I thought I would use this post to follow up what I said yesterday about journaling by answering a few important questions that are often asked about this discipline.
What Kind of Journal Should I Use?
One that works best for you. I have friends who use anything from a simple notebook to a nice, leather bound journal. Some use only their computer because they are able to type faster than they write. Still others like to keep a diary to record their day-to-day life, and use separate notebooks for their other writing. I have found that a combination between the first two has been the best way for me to keep a journal; using a complex journal keeping system (like having many different notebooks for different subjects) actually keeps me from journaling. In my judgment, simplicity and ease of access is king. Therefore, I use a Mead Five-Star notebook (I like this notebook because it is contains college ruled paper, 200 pages, a reinforced cover, and it lays flat) for everything that I listed in the first post. Sometimes, however, I find that I am in the mood to fire off some thoughts from the laptop. Whenever I do this, I simply date it and keep it in a “journal” folder on my computer. Every few weeks I print it off and put it in a three-hole binder. This way, all my journals are kept in one place on my shelf and everything is in chronological order.
How Often Should I Journal?
As often as you like. Several times a day; once a day; once every three days. I would recommend that you try to be consistent while at the same time making sure you do not beat yourself up for having missed a few days. We are not declared righteous by keeping a journal. Having said that, I think you will find it helpful to write regularly, even if it means writing very little each time. Sometimes I may write only a few sentences. Other times, I may write several pages. Trying to write a small amount on a regular basis will keep the gears oiled for the days when you really churn out some thoughts. Also, having one simple notebook allows me to carry my journal wherever I go, whether it is school, work, or on vacation; this allows me to scribble out my thoughts wherever I am at. There are times, however, when you will not be able to bring your journal with you; when this is the case, I try to write myself “prompts” on little sheets of paper so that I can remind myself of what I was thinking and make my entry for that particular prompt in my journal when I get home.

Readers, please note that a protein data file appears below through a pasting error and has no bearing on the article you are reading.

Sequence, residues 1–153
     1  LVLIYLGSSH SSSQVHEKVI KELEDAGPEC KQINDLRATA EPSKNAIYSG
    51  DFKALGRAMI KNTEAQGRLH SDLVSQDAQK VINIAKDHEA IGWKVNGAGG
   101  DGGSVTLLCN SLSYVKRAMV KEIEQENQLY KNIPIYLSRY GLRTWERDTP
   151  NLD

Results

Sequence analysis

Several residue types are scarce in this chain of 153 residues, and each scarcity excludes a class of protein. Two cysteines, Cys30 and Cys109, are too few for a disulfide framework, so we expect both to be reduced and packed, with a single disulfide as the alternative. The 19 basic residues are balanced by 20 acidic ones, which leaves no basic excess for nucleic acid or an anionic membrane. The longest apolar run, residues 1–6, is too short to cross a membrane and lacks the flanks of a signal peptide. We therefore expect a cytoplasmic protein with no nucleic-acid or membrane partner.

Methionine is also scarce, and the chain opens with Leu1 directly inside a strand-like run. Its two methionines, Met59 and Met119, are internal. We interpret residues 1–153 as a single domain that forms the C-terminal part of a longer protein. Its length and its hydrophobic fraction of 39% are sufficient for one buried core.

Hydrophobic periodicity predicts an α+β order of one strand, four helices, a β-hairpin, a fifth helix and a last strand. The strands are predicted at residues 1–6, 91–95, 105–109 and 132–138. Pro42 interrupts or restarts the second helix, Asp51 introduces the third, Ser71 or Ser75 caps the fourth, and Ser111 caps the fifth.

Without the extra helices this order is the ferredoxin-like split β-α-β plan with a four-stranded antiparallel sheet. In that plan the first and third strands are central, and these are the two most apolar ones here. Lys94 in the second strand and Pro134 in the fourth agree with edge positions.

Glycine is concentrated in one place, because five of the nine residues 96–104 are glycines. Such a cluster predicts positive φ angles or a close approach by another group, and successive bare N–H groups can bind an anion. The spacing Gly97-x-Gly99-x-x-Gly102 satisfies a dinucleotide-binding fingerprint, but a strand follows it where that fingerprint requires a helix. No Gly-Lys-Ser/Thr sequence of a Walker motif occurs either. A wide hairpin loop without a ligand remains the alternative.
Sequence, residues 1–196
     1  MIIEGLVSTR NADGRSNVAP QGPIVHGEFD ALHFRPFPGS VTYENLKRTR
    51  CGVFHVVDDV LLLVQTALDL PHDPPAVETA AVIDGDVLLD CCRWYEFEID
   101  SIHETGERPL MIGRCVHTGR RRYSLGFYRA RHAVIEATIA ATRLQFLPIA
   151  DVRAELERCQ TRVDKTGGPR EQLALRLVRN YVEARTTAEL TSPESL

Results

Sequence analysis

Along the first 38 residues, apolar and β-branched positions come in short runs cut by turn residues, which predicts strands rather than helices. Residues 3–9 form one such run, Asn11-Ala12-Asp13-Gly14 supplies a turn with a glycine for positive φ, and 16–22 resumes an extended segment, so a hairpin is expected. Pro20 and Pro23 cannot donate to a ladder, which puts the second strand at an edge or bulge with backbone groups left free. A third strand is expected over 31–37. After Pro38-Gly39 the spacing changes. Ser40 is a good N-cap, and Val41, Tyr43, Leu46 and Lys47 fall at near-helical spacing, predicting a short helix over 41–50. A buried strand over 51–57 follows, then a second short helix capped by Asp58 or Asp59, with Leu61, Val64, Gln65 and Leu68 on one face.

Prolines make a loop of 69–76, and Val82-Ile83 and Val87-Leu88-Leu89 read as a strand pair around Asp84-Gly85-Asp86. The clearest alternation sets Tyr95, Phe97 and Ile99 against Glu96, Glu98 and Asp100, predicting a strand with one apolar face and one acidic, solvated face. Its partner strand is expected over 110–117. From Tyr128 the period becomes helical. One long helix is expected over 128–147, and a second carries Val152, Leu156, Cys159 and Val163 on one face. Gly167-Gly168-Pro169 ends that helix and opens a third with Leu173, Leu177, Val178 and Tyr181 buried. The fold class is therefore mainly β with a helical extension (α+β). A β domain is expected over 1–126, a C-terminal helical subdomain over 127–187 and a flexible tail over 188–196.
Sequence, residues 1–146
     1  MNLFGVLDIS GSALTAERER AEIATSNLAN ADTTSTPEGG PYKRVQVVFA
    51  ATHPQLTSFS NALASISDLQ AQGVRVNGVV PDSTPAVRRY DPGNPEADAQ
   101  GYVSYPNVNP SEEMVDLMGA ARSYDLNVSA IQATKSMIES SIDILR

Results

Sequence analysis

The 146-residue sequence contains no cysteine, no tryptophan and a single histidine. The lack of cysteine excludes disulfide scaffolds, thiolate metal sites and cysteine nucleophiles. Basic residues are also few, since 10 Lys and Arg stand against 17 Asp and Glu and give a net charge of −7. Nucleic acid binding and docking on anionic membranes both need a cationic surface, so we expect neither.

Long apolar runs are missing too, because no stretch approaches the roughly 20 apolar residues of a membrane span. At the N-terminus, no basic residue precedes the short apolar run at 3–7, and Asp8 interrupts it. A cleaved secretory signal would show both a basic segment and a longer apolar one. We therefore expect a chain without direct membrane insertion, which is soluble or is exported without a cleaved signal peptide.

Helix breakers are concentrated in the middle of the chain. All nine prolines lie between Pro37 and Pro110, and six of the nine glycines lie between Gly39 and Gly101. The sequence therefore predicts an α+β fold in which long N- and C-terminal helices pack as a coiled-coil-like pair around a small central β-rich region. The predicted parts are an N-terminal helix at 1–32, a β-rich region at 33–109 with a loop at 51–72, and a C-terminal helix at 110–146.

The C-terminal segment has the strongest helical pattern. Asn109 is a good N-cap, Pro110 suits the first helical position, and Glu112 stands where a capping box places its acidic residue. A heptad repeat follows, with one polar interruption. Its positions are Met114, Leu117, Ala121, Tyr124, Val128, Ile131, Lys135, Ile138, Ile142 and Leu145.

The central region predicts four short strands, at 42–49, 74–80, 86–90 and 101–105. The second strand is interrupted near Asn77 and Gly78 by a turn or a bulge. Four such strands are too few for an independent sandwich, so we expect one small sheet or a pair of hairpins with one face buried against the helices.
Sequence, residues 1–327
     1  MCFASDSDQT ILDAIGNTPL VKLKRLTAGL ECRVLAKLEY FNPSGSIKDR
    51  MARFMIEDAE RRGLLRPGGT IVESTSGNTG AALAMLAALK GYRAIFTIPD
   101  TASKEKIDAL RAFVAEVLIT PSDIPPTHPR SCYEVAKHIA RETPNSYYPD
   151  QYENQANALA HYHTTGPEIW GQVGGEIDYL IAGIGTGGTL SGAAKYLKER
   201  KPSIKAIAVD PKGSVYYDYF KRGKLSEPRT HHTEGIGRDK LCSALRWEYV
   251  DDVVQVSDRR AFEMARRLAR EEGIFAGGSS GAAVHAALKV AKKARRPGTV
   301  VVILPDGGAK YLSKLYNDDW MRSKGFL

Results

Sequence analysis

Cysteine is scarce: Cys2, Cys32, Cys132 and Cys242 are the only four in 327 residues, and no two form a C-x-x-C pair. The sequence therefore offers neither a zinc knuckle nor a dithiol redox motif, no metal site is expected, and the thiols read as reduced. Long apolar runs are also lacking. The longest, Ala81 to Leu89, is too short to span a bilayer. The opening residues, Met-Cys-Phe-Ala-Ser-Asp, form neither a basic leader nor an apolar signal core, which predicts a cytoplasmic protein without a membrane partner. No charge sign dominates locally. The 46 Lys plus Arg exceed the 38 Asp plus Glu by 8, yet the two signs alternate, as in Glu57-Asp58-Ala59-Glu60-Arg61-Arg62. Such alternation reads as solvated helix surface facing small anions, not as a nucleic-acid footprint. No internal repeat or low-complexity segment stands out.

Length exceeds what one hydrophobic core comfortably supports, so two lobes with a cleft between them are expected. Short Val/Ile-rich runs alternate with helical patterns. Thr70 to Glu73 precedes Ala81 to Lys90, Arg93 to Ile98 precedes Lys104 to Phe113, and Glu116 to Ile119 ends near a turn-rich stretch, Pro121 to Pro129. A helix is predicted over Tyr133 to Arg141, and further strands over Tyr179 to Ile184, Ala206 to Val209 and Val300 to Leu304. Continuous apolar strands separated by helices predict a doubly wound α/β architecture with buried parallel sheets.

What If I Do Not Want Anyone to See My Journal?
This is an important question because it may reveal that you are writing things in your journal that perhaps you should not be writing. A journal is not an outlet for sinful secrecy; a collection angry vents toward those with whom you have a problem. If you would not say something to someone’s face, then I suggest that you probably should not put it in your journal—there is always the possibility that someone could find your journal, and you should be dealing with the issues you have with others in a forthright, face-to-face way; not burying them in a journal so they can smolder and ignite fresh bitterness. Although there are intimate things in my journal, and although I try not to write to impress others (“Wow, isn’t he spiritual”), I am not afraid of someone finding and reading my journals, especially if I were to die without disposing of them. Granted, I may be embarrassed by some of my flawed theological reasoning, or my misinterpretations of Scripture, or the description of some of the inner-workings of my heart, but at the end of the day, I can have a clean conscience that there is nothing in my journal that I would be afraid to have others see.
On the other hand, if you find that you are only able to write with sincerity if you are certain that no one will ever see your journal, then I suggest that you either entrust your journal with a trusted friend who will know how to rightly handle your journal if you were to die, or write your journal on a computer and keep that document password protected. If you are afraid that someone may crack the password, perhaps you have too high an opinion of your thoughts—you’re not that spiritual.
Again, I am sure there are many more questions we could consider. But I hope that answering these three questions has been helpful to you as you think about the discipline of journaling.
Photo: Alejandro Escamilla